Shared
    images
      image.png
    css
      shared.css
    scripts
      jquery.js


MvcApp1
  Images
  Content
  Shared <- We want to get files from above dll here
  ...

MvcApp2
  Images
  Content
  Shared <- We want to get files from above dll here
  ...

Add following to MvcApp1 -> Project -> MvcApp1 Properties -> Build events -> post build event:

start xcopy "$(SolutionDir)Resources\Shared\*" "$(SolutionDir)MvcApp1\Shared" /r /s /i /y

Here is explanation on what it does: Including Build action content files directory from referenced assembly at same level as bin directory

Do the same for MvcApp2. Now after every build fresh static files will be copied to your app and you can access files like "~/Shared/css/site.css"

If you want you can adjust the above command to copy scripts from .dll to scripts folder of every app, that way you could move some scripts to .dll without having to change any paths,here is example:

If you want to copy only scripts from Resources/Shared/scripts into MvcApp1/scripts after each build:

start xcopy "$(SolutionDir)Resources\Shared\Scripts\*" "$(SolutionDir)MvcApp1\Scripts" /r /s /i /y
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3 questions: 1) What happens if a file is deleted from the Resources/Shared - it doesn't look like it will be deleted from the MvcApp copy of the folder? 2) Is there any way to get Visual Studio to delete these files from $(SolutionDir) after run completes. Leaving them there might confuse other devs. 3) You have (DLL) in brackets after the Resources folder. Any specific way to set this up? –  Adam Nov 21 '13 at 12:06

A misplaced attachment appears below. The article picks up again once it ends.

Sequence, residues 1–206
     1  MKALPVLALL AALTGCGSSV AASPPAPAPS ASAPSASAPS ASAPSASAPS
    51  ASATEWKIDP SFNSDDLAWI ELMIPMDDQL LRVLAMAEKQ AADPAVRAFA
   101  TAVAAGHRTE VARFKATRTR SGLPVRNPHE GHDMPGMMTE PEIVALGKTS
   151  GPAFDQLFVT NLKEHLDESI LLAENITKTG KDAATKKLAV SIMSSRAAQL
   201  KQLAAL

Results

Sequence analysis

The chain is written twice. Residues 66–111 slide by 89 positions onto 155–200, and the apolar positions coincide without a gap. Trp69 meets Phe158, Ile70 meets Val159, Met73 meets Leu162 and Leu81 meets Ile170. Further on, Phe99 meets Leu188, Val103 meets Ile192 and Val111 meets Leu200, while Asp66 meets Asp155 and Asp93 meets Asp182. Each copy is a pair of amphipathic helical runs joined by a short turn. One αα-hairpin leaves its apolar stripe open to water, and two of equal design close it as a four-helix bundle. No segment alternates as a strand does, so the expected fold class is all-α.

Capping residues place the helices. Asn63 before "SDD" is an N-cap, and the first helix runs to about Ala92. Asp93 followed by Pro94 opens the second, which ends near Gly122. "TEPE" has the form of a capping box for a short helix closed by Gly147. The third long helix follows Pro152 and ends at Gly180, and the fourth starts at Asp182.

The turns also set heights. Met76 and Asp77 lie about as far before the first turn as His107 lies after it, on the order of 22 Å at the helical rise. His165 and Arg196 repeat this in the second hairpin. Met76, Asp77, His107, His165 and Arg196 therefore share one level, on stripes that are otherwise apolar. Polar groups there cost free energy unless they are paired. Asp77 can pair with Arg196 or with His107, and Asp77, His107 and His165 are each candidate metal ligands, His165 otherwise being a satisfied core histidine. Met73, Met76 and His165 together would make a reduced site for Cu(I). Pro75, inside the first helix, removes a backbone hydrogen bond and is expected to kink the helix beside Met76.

1) They would of course stay in folder, since we are only copying them 2) The solution would be to delete all files in folder before copying, you would add something like this before xcopy: stackoverflow.com/questions/768282/… , or write a batch script that checks files two folders and deletes differences and call it using like: stackoverflow.com/questions/12764847/… 3) It is for demonstration only, its a dll project called Resources –  Unavailable Nov 21 '13 at 17:29
    
@Adam see above comment. –  Unavailable Nov 21 '13 at 17:35
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In IIS create a virtual folder pointing to the same scripts folder for each of the 3 applications. Then you'll only need to keep them in a single application. There are other alternatives, but it really depends on how your applications are structured.

Edit

A scarier idea is to use Areas. In a common area have a scripts directory with the scripts set to be compiled. Then serve them up yourself by getting them out of the dll. This might be a good idea if you foresee the common Area having more functionality later.

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That's a great idea when the project is on the server. What about when the project is still on the development box in Visual Studio? –  Nick VanderPyle Dec 16 '11 at 21:26
    
@NickVanderPyle same idea would work. Should be able to set it up, regardless of whether you're using loopback adapters and different sites or just different applications. –  Yuriy Faktorovich Dec 16 '11 at 21:29
    
Oh, I see. It'll work if you're running and debugging with IIS locally and can use virtual folders. Good call. –  Nick VanderPyle Dec 16 '11 at 21:35
    
What do you think of an NTFS junction point if IIS isn't available? –  Nick VanderPyle Dec 16 '11 at 21:37
    
@NickVanderPyle you'd have to remove the scripts directories from 2 of the projects, but yes, that also sounds pretty good. –  Yuriy Faktorovich Dec 16 '11 at 21:43
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Most of the files that are included by default are also available via various CDN's.

If you're not adding your own custom scripts, you may not even need a scripts directory.

Microsoft's CDN for scripts: http://www.asp.net/ajaxlibrary/cdn.ashx